Horses do not constantly battle each other to establish dominance. The subordinate horse acknowledges the leader's role and will come back another day to try his luck. Similarly, they will "alpha check" you to make sure you are still the leader from one week to the next. It comes down to survival for the horse. At the opportune time, when we assert our leadership and get the desired response (active), we then step back from the line and simply lead with the full knowledge that we are in our rightful position as leader (passive); this displays confidence and consistency in our leadership to the horse.
Because of the demographics in the horse industry where women and recreational riders make up more than 80% of equine activities, it is no wonder why the idea of passive leadership is so popular in some circles. It is easier to market the idealism of "let's not scold the horse, let's be touchy-feely and lead by example" attitude. Many new and inexperienced recreational riders are disillusioned of the true nature of the horse and think that "assertiveness" is a bad word meaning the use of forceful persuasion through violence toward the horse.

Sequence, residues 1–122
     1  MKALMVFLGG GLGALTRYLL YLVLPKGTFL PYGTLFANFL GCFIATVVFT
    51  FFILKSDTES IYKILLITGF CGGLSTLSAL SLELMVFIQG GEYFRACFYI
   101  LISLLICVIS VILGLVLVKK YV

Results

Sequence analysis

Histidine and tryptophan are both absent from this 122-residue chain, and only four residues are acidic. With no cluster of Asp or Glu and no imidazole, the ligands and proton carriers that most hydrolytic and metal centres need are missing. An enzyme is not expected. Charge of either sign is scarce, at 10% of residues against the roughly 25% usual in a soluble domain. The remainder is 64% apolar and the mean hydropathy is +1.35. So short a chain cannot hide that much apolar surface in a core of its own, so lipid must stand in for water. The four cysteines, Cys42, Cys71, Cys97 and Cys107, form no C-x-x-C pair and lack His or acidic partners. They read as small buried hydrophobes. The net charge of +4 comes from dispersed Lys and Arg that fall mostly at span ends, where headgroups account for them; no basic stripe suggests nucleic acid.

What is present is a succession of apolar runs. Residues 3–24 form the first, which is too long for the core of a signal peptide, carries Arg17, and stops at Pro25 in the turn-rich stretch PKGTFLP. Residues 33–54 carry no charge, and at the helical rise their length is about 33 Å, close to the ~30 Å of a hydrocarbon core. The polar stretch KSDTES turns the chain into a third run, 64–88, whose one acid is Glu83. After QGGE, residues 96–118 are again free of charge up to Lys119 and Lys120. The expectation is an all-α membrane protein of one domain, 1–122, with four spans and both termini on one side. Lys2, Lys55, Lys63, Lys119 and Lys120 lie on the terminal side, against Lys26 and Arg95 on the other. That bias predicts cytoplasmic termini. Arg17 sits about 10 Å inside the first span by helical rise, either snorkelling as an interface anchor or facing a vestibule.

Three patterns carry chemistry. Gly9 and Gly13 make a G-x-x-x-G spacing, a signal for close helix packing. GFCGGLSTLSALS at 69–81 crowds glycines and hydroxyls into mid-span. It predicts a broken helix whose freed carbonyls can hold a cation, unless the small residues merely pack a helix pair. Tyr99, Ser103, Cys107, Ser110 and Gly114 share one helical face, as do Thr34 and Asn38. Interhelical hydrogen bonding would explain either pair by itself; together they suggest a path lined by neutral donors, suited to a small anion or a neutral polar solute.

When we go for a trail ride, we are always admonished to be an active rider not a reactive or passive rider. The reason for this active position is so that we are always prepared to take the lead to control or correct issues that need attention if the horse displays an unwanted behavior.
When you go to buy a horse, do you know if the horse has a more passive attitude than you? Many people get hurt or die each year because they did not take a more an active role in leadership with their horse. Whether you see yourself as an active leader or as a passive leader, you had better be the horse's leader.
Simply put, leadership is established by moving and controlling the feet or body in six directions and at three major gaits. The degree of leadership is in the degree of your ability to control the horse through active or passive leadership. The key to this leadership issue is a "sound balance" to your approach and understanding through education in sound principals. God did not give horses dominion over humans, but gave horses to us, as their stewards, as a gift.
About Randy Byers
Understanding and training horses is in Randy's blood, but his passion is educating humans. Randy Byers Horsemanship offers clinics, private training, guided Cascade trail ride clinics, Certification Programs and colt starting services. Visit randybyershorsemanship.com to learn more.